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Texas abortion ruling opens door to constitutional netherworld

Political warfare is breaking out as states propose legislation at odds with constitutional rights. 

WASHINGTON (CN) — Responding to the Supreme Court's cabining of a challenge to the six-week abortion ban in Texas, California Governor Gavin Newsom precipitated what could become an avalanche of vigilante litigation with his plan to craft copycat legislation against guns.

No text of the bill is available yet. Newsom explained Saturday only that he will allow private citizens to sue anyone who manufactures, distributes or sells an assault weapon or ghost gun kit or parts in California for $10,000. 

The announcement came a day after the high court whittled away at two challenges to Texas’ Senate Bill 8, which bans all abortions after six weeks — before most women know they are pregnant. SB 8 is unique because it has evaded pre-enforcement review by delegating its enforcement to citizens who will be rewarded with a bounty. 

Abortion providers sought to challenge the law, but since its enforcement mechanism is so unique, they ran into roadblocks like deciding who to sue to stop the ban. They filed suits against state clerks and judges, officials who have authority over medical licenses, and the attorney general. Only those with authority over medical licenses will face the suit going forward, however, after Friday's largely procedural ruling from the high court's most conservative justices. 

“The majority has unfortunately lost the forest for the trees,” Richard Bernstein, an appellate lawyer, said in a phone call about the decision. “They had equitable discretion to expand Ex Parte Young to include state courts when private parties are acting as state prosecutors, as they are here. Either because they got lost in the trees or because of their partisan viewpoint, they chose to ignore that discretion.” 

While the court has narrowed what course abortion providers can take as they challenge a law conflicting with longstanding abortion precedent, the cases Roe v. Wade and Planned Parenthood v. Casey, it also opened the door for similar legislation in other states focused not only on abortion but any constitutional right the state legislature deems adverse. 

“If you care about any constitutional right, you should be concerned about a mechanism that allows states to evade the Constitution and impose these SB 8-like requirements,” Brigitte Amiri, deputy director of the ACLU Reproductive Freedom Project, said in a phone call. “Whether it's abortion, whether it's free speech, whether it's the Second Amendment — anything that you care about — you should be concerned about states circumventing their constitutional obligations by doing what Texas did in SB 8.”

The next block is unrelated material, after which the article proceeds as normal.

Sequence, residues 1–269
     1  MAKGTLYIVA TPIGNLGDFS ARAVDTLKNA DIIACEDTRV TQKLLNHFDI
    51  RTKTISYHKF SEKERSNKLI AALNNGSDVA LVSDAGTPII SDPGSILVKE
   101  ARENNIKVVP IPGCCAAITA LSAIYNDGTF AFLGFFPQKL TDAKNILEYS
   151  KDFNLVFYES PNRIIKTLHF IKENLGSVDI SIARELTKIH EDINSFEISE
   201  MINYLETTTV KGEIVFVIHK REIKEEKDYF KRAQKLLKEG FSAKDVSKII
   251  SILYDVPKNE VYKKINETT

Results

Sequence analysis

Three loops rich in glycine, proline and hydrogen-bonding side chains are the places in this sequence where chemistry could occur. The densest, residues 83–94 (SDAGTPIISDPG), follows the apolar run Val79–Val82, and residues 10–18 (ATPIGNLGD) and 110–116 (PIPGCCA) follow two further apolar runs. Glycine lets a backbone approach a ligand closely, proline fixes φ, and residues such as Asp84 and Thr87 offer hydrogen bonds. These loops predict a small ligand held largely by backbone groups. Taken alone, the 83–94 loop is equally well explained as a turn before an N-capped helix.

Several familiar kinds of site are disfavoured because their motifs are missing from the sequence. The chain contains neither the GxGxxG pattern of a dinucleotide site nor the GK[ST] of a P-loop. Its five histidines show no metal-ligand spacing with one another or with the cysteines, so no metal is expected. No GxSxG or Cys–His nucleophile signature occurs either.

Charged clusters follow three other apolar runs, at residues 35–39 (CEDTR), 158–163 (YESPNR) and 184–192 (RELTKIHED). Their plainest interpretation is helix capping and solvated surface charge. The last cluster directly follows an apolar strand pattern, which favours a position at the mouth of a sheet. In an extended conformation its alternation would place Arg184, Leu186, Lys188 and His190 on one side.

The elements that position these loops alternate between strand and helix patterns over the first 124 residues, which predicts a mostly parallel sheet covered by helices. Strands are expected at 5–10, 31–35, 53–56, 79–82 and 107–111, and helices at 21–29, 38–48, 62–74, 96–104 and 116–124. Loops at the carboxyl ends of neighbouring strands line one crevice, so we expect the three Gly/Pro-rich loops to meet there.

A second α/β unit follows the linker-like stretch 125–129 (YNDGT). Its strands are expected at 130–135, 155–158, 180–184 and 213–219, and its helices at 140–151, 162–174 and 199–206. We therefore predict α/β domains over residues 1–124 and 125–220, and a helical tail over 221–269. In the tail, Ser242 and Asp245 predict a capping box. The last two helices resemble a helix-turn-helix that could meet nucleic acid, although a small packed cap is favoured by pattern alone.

By handing the enforcement mechanism over to citizens and creating confusion on how to mount a pre-enforcement challenge to laws, SB 8 allows state legislatures to make laws that conflict with constitutional rights established by the court. The enforcement mechanism is the secret sauce, in a sense. State legislatures have previously made laws conflicting with the court’s precedents. They get challenged before enforcement. Once they make it to the Supreme Court, then the justices can decide to overrule their own precedents. This law skips those steps. 

“It really strikes me that the Supreme Court is flirting with lawlessness,” Lawrence Gostin, a professor at Georgetown Law, said in a phone call. “That is, they are flirting with the idea that a state can intentionally gerrymander its law to avoid constitutional scrutiny under established Supreme Court precedent. Imagine if that was done to avoid enforcement of Second Amendment rights?” 

The court was not blind to these consequences — specifically on gun rights — because a gun rights advocacy group, the Firearms Policy Coalition, filed an amicus brief in the abortion providers case specifically asking the court not to create this precedent for fear Democratic states would do exactly what Newsom has threatened. 

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Erik Jaffe, the counsel of record for the group, said he was not surprised to see Newsom propose the legislation against gun rights. 

“My reaction is, this was obvious, we said it was obvious, turned out it was obvious — which is why we said it — and let's see how good a copycat he is,” Jaffe said in a phone call.  

As Jaffe sees it, the easiest path for Newsom would be to pass a new law banning something that is not currently banned and that directly conflicts with the court’s precedent. An example of this would be to say all handguns are banned — which would directly conflict with the court’s precedent in District of Columbia v. Heller. The legislation would then have to say no state officials can ever enforce the law and only private citizens can enforce it.